The Egg All sport climbing10 routes in crag
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Like 'Diamond Falls' and 'Gateway' this crag attracts the wind, which makes it one of the most spooge-resistant crags in summer. In summer the sun hits the crag at about 2pm. Funky sport climbing. An excellent find.
Useful Info: No matter what the weather is like at the car take a jacket or jumper - and a hat! Its wilderness so please treat it with respect. No new routes, no cairns.© (mjw)
Access issues inherited from Blue Mountains
The Blue Mountains are a World Heritage listed area. The Grose Valley, the cliffs around Katoomba and much of the Narrow Neck peninsula are part of the Blue Mountains National Park which is managed by the NPWS. The Western Escarpment - where most of the climbing is - is Crown Land managed by the BMCC. While the NPWS Plan of Management nominates several locations in the National Park where rock climbing is deemed appropriate, the majority of the climbing remains unacknowledged. To maintain access our best approach is to 'Respect Native Habitat, Tread Softly and Leave No Trace'. Practically all crags are either in National Park or in council reserve: dog owners are reminded that dogs are not allowed in National Parks at any time and fines have been issued, while for crags on council reserve the BMCC leash law requires that dogs be on-leash.
The Egg is situated on the Elphinstone Plateau approximately 5mins from Katoomba and 15mins from Blackheath. If approaching from Blackheath turn right at the Explorers Rd – do not attempt to turn into Explorers Rd at the 'Marked Tree'. 20mins easy walk on firetrail then 7mins down a steep track. The track to the crag is not marked as such (see info and access). From the carpark, follow the main fire trail, and don't take any of the right turns. After about 12-15 minutes, you walk past a once-cleared area on the right, with a 'lean to' in it (which is now just bits of corrugated iron lying on the ground). This is where the Elphinstone track breaks off the firetrail to the left. Continue along the firetrail for 50m past this area to a fork, where the track straight ahead is less a firetrail and more a walking track (this leads to the Trig Station and Esgate's Ladders), and where a firebreak/firetrail heads right around the hillside. Follow the firebreak for approx 150m and look for a track on the left, usually marked by a cairn. The track is well trodden (but overgrows quickly, please bring secaturs) and heads straight downhill for 5 minutes, down some rock steps, then turn left and go 50m to the base of the crag.© (mjw)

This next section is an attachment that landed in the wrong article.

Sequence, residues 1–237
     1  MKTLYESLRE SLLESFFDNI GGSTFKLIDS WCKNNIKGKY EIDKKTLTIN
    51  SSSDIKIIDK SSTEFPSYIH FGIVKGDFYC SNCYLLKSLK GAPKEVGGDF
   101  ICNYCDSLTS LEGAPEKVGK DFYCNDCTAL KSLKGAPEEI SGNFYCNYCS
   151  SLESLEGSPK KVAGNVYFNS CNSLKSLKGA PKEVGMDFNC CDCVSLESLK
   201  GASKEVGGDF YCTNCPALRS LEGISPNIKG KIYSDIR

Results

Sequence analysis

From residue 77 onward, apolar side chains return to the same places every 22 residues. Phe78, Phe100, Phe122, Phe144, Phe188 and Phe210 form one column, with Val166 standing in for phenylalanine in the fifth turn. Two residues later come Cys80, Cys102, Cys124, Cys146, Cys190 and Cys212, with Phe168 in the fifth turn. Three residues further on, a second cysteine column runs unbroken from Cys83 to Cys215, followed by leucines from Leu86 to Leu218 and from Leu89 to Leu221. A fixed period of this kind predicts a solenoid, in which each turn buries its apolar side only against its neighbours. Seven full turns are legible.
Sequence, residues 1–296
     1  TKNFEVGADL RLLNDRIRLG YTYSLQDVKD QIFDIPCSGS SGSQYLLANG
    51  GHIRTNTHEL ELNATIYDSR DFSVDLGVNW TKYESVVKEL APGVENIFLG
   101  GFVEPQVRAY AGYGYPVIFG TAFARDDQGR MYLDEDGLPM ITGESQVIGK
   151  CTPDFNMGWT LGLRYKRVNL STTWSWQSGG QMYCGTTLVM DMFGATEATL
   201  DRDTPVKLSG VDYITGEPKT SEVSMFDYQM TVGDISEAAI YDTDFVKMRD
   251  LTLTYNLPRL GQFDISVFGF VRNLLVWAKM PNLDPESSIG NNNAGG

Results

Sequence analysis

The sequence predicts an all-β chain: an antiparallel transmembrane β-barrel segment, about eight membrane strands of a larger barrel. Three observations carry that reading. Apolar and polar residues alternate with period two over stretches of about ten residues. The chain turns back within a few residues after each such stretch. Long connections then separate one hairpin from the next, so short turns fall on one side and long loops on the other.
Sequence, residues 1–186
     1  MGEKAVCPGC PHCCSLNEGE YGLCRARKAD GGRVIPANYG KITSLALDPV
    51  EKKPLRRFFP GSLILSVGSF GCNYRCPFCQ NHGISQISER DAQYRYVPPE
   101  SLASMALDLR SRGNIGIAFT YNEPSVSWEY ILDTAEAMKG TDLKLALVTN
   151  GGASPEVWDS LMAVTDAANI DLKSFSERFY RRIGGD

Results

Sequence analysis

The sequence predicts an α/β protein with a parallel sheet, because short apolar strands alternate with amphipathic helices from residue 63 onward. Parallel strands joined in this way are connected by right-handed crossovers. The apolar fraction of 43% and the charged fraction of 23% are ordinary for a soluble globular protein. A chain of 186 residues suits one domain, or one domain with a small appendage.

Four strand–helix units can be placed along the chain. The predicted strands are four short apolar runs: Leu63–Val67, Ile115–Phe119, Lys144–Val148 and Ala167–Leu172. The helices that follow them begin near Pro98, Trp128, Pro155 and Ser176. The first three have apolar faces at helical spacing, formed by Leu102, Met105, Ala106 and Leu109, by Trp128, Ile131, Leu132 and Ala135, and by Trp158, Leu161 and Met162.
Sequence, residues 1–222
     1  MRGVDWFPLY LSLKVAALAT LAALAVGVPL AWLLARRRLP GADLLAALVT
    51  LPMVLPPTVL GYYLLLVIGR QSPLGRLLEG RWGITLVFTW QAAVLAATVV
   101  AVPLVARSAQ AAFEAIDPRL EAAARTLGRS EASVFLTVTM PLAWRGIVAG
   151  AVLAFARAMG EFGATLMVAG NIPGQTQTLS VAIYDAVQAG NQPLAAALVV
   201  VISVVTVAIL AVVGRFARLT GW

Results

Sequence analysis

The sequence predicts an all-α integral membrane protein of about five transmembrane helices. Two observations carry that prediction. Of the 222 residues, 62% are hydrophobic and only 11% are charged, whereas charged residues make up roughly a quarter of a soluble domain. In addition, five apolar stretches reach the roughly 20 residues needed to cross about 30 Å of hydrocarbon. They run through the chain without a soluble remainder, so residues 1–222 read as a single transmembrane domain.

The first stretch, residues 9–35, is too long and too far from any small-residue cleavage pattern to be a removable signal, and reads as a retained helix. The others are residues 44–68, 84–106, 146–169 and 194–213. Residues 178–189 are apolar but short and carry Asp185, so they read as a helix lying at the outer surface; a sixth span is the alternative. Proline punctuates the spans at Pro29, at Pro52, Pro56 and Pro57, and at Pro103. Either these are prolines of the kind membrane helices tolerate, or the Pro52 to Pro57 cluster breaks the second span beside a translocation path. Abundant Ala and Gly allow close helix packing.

Ethic inherited from Blue Mountains
Although sport climbing is well entrenched as the most popular form of Blueys climbing, mixed-climbing on gear and bolts has generally been the rule over the long term. Please try to use available natural gear where possible, and do not bolt cracks or potential trad climbs.
Because of the softness of Blue Mountains sandstone, bolting should only be done by those with a solid knowledge of glue-in equipping. A recent fatality serves as a reminder that this is not an area to experiment with bolting.
If you do need to top rope, please do it through your own gear as the wear on the anchors is both difficult and expensive to maintain.
It would be appreciated if brushing of holds becomes part of your climbing routine - do it with a soft bristled brush and never a steel brush!
The removal of vegetation - both from the cliff bases and the climbs - is not seen as beneficial to aesthetics of the environment nor to our access to it. However, the fast growing scrub can conceal walking tracks in mere months, so bringing a pair of secaturs and pruning as you walk is a good way of helping out with the constant task of track maintenance. Some appropriately discreet pruning is a far better alternative then track braiding (which causes far more damage). It's also a good warmup for your forearms!
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